A woman’s routine mammogram is a bulwark against dying of breast cancer, which strikes 1 in 8 women over a lifetime. But new research suggests that, with little extra cost or effort, a woman’s mammogram could also tell whether she is being stalked by a far more dangerous killer of women — coronary heart disease.
Heart disease kills about 1 in 4 women, and coronary heart disease — a buildup of plaque in the arteries leading to the heart — is its most common form. But giving a woman warning that she may have dangerous plaque buildup there might be as easy as asking the radiologist who reads her mammograms what he or she sees in the blood vessels that are clearly visible inside the breast.
Physicians meeting this week at an American College of Cardiology scientific session in Chicago are expected to hear about a simple way to wring more lifesaving out of the 37 million mammograms performed every year in the United States. It was published last week in the Journal of the American College of Cardiology’s JACC: Cardiovascular Imaging.
It turns out that radiologists checking breast images for abnormal masses have always been able to see plaque in the arteries that bring oxygenated blood to the breasts. The question was, was it meaningful? How often do calcifications in those arteries indicate the presence of calcifications in the coronary arteries, which can impede blood flow to the heart and break lose, causing heart attacks?
Today, a woman with no symptoms of clogged arteries, including chest pain and shortness of breath, generally relies on one of two risk calculators to guide decisions such as whether she should take a statin or other medication aimed at reducing her heart attack risk. Toting up her age, family medical history, smoking and weight status, blood pressure and cholesterol profile, her physician can calculate her Framingham Risk Score. Many of the same measures are also used in the 2013 Cholesterol Guidelines Pooled Cohort Equations.
But could the information already on a mammogram predict just as well whether a woman should take specific steps to avert a heart attack?
Radiologists and cardiologists at Mount Sinai in New York City devised a “breast arterialization score” for 325 women who had had, within the same year, both a digital mammogram and a CT scan of their chest. The CT scan would show definitively whether the woman had coronary artery calcification, or CAC. So the study’s aim was to determine just how closely correlated plaque buildup in the breast arteries are to CAC.
None of the women had symptoms of coronary artery disease. Most, however, were at increased heart disease risk by virtue of their having been referred to get a CT scan to screen for lung cancer or pulmonary disorder. The CT scans showed that almost 48 percent had signs of plaque buildup in their coronary arteries.
In those women who had coronary artery calcification as shown by CT scan, the breast arterialization score predicted it 63 percent of the time. Using BAC to predict coronary artery calcification gave a false positive 24 percent of the time. As a predictor of a woman’s coronary arterial calcification, a woman’s breast arterial calcification, or BAC, score was superior to the Framingham Risk Score and superior to the 2013 cholesterol guidelines, the study found.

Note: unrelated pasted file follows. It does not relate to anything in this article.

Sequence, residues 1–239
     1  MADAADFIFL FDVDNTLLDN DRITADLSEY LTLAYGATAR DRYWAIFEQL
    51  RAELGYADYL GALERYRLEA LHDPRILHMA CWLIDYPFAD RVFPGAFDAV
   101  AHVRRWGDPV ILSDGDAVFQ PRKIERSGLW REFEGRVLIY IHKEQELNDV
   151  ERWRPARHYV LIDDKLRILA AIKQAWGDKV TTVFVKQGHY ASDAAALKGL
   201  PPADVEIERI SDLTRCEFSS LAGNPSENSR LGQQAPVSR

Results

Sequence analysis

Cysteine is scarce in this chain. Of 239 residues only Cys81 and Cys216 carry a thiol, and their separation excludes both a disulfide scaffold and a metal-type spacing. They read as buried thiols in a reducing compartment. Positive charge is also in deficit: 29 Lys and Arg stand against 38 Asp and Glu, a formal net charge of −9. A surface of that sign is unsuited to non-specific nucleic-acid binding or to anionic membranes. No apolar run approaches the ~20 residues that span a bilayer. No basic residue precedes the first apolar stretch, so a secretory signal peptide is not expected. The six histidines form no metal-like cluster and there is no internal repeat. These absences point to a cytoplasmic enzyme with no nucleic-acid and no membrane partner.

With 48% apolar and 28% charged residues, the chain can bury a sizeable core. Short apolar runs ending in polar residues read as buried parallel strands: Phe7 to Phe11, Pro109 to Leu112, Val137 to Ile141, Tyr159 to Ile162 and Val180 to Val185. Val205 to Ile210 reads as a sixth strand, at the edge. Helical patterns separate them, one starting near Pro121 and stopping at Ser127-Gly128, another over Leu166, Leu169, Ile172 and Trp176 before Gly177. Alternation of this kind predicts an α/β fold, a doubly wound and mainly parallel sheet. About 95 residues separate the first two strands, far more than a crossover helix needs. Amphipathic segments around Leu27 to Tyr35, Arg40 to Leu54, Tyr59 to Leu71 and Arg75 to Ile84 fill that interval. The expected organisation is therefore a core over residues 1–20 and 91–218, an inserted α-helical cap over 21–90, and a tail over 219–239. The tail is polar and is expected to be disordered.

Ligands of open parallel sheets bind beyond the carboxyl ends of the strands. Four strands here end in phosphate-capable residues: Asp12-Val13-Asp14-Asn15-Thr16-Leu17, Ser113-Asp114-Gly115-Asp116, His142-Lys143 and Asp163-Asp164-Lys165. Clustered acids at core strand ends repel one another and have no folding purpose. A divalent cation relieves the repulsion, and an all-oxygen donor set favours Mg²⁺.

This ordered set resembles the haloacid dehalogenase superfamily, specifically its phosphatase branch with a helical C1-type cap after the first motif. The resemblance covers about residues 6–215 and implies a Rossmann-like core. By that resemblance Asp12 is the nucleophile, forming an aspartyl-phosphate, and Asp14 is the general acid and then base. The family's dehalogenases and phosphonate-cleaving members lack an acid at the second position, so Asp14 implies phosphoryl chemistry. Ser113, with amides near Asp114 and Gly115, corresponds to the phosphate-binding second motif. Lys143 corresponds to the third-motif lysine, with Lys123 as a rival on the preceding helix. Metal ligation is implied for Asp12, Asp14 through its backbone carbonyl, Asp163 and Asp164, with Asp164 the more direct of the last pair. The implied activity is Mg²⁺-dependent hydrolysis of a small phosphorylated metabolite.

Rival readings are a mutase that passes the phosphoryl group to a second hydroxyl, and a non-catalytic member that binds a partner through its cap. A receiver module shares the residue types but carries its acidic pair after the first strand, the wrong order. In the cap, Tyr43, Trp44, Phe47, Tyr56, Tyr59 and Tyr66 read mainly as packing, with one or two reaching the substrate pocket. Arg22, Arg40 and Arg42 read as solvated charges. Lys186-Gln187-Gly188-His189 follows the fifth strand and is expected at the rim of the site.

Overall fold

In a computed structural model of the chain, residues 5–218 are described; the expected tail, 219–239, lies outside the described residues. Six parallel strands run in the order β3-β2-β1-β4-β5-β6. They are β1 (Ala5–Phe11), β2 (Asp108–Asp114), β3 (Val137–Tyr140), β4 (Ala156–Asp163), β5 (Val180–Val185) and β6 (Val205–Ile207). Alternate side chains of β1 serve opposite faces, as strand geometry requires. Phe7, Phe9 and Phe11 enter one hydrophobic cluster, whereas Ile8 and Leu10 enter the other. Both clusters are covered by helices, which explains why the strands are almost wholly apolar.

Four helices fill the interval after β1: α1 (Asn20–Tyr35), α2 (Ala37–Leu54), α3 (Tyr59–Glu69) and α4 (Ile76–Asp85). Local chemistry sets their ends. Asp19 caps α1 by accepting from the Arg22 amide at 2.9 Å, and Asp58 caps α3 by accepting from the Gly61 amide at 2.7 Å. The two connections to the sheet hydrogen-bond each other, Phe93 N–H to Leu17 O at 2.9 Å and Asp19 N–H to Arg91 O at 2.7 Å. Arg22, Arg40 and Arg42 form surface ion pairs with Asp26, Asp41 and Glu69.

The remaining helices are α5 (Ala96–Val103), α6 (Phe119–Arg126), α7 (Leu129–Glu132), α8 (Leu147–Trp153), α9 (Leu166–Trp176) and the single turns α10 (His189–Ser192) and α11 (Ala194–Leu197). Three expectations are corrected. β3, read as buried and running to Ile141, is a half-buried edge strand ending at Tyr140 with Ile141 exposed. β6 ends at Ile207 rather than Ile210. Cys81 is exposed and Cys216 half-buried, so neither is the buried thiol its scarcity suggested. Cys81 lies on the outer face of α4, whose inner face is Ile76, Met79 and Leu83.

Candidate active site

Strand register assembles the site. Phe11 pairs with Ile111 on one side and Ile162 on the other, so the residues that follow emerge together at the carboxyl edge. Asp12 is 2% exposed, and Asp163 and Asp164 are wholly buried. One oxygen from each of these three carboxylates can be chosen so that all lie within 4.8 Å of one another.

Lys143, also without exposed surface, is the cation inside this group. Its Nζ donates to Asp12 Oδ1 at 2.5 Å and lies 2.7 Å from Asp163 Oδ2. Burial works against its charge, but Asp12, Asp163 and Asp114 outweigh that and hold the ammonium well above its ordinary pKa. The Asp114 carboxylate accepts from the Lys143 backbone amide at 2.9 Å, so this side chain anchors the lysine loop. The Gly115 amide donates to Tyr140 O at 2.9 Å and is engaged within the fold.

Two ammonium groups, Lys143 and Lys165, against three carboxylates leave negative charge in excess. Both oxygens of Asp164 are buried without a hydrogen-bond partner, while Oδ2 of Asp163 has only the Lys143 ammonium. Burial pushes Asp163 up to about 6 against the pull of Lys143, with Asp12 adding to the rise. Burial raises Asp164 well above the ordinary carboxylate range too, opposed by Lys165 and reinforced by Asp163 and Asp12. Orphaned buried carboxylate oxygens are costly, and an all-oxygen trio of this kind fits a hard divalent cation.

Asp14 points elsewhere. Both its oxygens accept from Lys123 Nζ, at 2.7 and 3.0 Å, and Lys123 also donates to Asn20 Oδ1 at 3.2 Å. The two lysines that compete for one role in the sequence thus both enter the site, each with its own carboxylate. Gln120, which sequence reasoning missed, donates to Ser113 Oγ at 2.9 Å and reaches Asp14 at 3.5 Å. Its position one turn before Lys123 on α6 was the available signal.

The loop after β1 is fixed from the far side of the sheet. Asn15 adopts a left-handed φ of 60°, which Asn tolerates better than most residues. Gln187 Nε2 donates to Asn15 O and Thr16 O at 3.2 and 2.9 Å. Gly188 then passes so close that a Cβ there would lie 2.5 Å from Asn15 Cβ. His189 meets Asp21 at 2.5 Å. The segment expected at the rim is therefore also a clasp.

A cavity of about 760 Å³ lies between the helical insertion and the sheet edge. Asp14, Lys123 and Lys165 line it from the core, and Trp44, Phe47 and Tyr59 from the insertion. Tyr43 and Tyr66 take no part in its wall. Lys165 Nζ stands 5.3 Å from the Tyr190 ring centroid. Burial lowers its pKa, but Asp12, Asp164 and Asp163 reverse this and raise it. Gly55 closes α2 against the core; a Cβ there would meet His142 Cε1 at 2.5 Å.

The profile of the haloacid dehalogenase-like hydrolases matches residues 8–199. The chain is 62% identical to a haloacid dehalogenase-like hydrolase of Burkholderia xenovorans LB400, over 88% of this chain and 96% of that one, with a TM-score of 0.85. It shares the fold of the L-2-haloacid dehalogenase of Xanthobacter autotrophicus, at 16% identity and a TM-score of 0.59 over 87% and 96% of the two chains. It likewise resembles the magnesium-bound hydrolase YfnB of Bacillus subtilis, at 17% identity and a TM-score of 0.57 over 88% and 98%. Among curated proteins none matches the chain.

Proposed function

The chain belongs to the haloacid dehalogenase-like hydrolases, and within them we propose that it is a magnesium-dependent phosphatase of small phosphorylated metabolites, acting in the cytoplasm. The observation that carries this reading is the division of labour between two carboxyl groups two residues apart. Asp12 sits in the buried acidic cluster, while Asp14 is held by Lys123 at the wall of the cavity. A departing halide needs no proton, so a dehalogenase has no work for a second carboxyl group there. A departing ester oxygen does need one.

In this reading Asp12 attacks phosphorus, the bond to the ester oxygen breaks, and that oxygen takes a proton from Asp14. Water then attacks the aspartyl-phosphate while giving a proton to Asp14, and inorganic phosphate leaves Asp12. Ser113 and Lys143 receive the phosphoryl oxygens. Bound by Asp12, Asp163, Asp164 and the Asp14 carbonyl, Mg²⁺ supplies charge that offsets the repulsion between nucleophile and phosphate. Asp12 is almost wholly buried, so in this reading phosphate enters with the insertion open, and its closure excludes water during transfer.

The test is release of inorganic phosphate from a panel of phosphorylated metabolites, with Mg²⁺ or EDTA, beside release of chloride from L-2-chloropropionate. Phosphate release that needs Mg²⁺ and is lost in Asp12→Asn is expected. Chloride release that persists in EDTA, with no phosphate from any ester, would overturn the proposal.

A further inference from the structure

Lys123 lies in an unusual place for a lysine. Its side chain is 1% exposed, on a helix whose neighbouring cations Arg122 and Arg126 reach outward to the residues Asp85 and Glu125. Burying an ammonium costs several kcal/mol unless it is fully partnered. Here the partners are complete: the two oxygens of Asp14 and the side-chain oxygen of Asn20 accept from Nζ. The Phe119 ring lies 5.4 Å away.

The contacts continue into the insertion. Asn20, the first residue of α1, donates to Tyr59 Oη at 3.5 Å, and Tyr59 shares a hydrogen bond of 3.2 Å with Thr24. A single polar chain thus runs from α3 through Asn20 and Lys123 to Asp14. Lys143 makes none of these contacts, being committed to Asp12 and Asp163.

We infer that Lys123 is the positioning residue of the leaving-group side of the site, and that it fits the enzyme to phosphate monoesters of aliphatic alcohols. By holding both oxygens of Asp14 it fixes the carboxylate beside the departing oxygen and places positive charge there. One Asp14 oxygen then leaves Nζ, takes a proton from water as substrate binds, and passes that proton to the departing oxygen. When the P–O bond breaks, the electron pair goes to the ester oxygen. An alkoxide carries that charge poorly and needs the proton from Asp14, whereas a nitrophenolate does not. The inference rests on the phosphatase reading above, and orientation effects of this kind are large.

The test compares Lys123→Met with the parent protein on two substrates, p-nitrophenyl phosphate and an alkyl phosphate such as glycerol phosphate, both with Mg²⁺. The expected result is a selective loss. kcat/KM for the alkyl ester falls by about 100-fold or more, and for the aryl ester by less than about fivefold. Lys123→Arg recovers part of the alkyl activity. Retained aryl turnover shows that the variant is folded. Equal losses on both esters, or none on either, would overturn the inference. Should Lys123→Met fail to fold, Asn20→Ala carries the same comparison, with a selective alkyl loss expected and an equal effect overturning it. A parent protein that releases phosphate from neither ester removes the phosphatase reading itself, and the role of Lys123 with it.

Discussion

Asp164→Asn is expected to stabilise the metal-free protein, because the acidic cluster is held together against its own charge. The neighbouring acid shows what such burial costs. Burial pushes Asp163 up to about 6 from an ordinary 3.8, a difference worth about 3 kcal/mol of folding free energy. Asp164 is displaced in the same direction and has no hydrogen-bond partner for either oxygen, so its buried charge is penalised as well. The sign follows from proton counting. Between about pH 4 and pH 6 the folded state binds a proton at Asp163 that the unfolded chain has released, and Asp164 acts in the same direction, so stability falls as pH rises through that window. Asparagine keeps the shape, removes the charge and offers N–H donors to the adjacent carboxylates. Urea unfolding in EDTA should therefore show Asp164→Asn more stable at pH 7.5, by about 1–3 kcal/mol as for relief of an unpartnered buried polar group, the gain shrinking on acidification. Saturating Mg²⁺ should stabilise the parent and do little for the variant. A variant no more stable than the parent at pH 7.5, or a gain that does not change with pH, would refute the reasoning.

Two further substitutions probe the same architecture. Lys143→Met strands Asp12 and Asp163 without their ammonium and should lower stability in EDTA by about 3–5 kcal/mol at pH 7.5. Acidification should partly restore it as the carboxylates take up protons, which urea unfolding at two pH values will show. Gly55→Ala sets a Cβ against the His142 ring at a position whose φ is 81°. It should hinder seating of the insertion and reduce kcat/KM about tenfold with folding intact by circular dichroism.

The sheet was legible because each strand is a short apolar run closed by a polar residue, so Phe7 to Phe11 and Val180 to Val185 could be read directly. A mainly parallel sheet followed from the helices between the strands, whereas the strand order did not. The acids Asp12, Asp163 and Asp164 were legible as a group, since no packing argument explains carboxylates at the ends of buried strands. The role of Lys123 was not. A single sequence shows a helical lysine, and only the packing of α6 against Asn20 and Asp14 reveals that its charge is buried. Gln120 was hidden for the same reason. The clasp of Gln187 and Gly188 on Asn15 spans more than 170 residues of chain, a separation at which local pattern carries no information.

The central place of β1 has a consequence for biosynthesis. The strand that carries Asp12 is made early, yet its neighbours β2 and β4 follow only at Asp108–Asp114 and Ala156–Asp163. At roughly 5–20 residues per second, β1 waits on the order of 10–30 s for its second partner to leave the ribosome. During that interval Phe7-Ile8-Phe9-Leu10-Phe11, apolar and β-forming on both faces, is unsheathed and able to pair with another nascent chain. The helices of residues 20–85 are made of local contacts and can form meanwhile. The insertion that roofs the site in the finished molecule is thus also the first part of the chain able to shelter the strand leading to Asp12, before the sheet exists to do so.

The BAC score was best at predicting coronary artery calcification in women older than 70. But even in women 39 to 59, its authors suggested the BAC score uncovered about half of women at higher risk for heart disease — and at an age when they probably would not have been flagged by other measures.
Dr. Larry Altshuler, director of oncology intake at Cancer Treatment Centers of America, said the findings could be a “game changer” when it comes to women’s health.
“Many women, especially younger women, are unaware of their heart health,” Altshuler said. With earlier warning that plaque could be accumulating in their coronary arteries, more women could take control of their health and take action to prevent heart attacks or strokes, he added.
The authors concluded that looking at the blood vessels in a women’s mammogram for indications of heart disease risk is promising, and should be studied in a larger trial.
Even so, wrote Drs. Khurram Nasir and John W. McEvoy in an accompanying editorial in JACC, it’s not premature to suggest that radiologists who detect breast arterial calcification make note of those findings in reporting to a woman’s primary care physician. They wrote that, guided by further research, experts will need to determine whether women with elevated BAC scores should be put on statin drugs or referred for CT scans to confirm suspicions.
Plumbing mammograms for more detailed information about a woman’s health is not entirely new. Radiologists were long able to detect breast density in certain women by reading their mammograms, but did not until recently report it.
But while breast density may affect a woman’s risk for breast cancer, looking for evidence of heart disease in a mammogram has the potential to prevent many more women’s deaths.
Women are more than seven times likelier to die of heart disease than of breast cancer in any given year. But because breast cancer campaigns have had such a high profile, women tend to be more scared of getting breast cancer than they are of developing heart disease.
While experts in recent years have squabbled over how young women should start getting mammograms and how often they need them, fear of breast cancer has made screening a regular occurrence for most women. If those mammograms could offer early warning of blocked arteries, lots of women might be saved.
©2016 Los Angeles Times